The 1961 Criminal Code includes a definition of "owner," which we believe is determinative of the question of ownership in this case. Section 15-2 states:
". . . `owner' means a person, other than the offender, who has possession of or any other interest in the property involved, even though such interest or possession is unlawful, and without whose consent the offender has no authority to exert control over the property."
As Donald Kanak, the complainant, had possession of the stolen property as salesman for the legal owners, we find this possession was sufficient proof of ownership here, as against one who has stolen the property. See, also, People v. Hansen, 28 Ill.2d 322, 339, 192 N.E.2d 359 (1963). We find no variance in proof as to ownership.
Defendant next contends that "the forcible placing of eyeglasses on the defendant by the State during cross-examination of the defendant violated defendant's guaranty against compulsory self-incrimination in violation of the Fifth Amendment of the Federal Constitution and constituted prejudicial conduct and deprived defendant of a fair trial." Cited is Allen v. State of Maryland, 183 Md. 603, 39 A.2d 820, where it was held to be improper to compel a defendant to try on a hat during cross-examination.
Compelling a defendant, on cross-examination, to exhibit himself or perform some action, if material to an issue in the case, is not testimonial compulsion. In People v. Munziato, 24 Ill.2d 432, 436, 182 N.E.2d 199 (1962), our Supreme Court, in discussing illustrations of "compelled conduct to which the privilege does not extend," cited 8 Wigmore on Evidence, 3rd Ed, § 2265, where it is said:
"Unless some attempt is made to secure a communication written, oral or otherwise upon which reliance is to be placed as involving his consciousness of the facts and the operations of his mind in expressing it, the demand made upon him is not a testimonial one."
The privilege against self-incrimination extends only to testimonial compulsion and "not an exclusion of his body as evidence when it may be material." (Holt v. United States, 218 U.S. 245, 252-3 (1910).) See also, McCormick on Evidence, § 126, p 263; Rochin v. California, 342 U.S. 165, 179, 96 L Ed 183, 72 S Ct 205 (1952); People v. Curran, 286 Ill. 302, 310, 121 N.E. 637 (1919), 171 ALR 1144 (1948).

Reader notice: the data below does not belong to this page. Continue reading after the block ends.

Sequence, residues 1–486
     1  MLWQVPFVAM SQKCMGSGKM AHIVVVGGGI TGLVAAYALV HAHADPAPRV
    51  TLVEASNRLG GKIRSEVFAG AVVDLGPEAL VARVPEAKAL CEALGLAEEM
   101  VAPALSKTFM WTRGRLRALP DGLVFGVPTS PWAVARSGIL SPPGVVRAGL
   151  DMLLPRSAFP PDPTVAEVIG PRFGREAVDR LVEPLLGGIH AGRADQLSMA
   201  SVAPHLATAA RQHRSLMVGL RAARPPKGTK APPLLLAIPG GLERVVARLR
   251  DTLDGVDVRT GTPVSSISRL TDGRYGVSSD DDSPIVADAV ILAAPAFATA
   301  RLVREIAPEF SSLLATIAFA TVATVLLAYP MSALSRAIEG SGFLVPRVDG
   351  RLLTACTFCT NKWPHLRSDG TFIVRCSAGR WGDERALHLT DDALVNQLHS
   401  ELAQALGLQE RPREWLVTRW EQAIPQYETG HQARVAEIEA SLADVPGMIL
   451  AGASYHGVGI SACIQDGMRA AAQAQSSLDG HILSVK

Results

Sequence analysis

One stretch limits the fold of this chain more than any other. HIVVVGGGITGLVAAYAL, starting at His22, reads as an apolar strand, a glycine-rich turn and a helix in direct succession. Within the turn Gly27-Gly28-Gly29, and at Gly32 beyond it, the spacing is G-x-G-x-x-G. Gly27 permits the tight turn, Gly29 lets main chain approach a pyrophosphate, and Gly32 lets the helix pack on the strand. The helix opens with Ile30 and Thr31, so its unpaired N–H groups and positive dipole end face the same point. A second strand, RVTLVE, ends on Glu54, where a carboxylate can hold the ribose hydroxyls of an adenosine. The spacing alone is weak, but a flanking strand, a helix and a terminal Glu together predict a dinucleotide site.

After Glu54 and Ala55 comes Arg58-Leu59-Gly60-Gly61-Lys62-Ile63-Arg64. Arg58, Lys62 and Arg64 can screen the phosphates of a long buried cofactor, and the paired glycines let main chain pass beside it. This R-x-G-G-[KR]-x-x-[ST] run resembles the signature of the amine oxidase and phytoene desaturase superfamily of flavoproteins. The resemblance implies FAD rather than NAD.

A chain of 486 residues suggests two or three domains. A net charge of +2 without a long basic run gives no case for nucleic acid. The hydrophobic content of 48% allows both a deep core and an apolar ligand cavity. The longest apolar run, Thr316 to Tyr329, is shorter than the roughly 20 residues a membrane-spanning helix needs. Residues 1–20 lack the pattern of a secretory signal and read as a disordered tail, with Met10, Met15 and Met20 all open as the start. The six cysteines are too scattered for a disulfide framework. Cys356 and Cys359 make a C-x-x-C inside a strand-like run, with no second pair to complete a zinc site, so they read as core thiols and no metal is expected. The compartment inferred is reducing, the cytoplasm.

On cross-examination, the request to the defendant to put on eyeglasses, in evidence, was not testimonial compulsion, and, therefore, was not within the scope of the privilege against self-incrimination. Nor do we find it to be prejudicial conduct such as to deprive defendant of a fair trial. The glasses were in evidence, the defendant had denied they were his, and the ownership of the glasses was relevant and a material issue in the case. We find no error here.
As to the revocation of his probation, defendant argues that "the interest of justice and orderly procedure would seem to indicate that Judge William V. Daly who granted the probation should be the judge who would revoke the probation and fix the sentence. . . . and there was no showing as to why the matter could not be assigned to him for immediate hearing." Defendant also complains that the hearing on the revocation was conducted in a summary fashion, and that a harsh sentence was imposed.
The record shows that on September 19, 1962, a warrant was issued for the arrest of the defendant for the violation of his probation, and on January 10, 1963, a rule was entered against defendant to show why his probation should not be terminated. There were a number of continuances, and on the date of the revocation order, December 2, 1963, the court said: "There is no question under the evidence that was produced in court, he has flagrantly violated his probation. . . . This violation of probation should have been taken care of a long, long time ago."
The revocation procedure followed was substantially in accord with the provisions of paragraph 789.1, entitled "Procedure upon alleged violation of probation," and as the sentence was concurrent with that given for the offense which caused the revocation, we fail to see that a "harsh sentence" was imposed.
Neither do we consider it improper for probation to be revoked by a judge other than the judge who entered the probation order in a situation similar to the instant one. Paragraph 786 provides that "a cause continued pursuant to the provisions of this Act shall be deemed subject to the jurisdiction of the court in which it is pending, or any judge thereof, for the full period of its continuance, during which time orders may be entered with respect to the conditions of probation, or final sentence imposed without the formal setting aside of such order of continuance." (Emphasis supplied.) We find no error in the revocation of defendant's 1960 grant of probation.
For the reasons given, both judgments and sentences appealed from are affirmed.
BURMAN and KLUCZYNSKI, JJ., concur.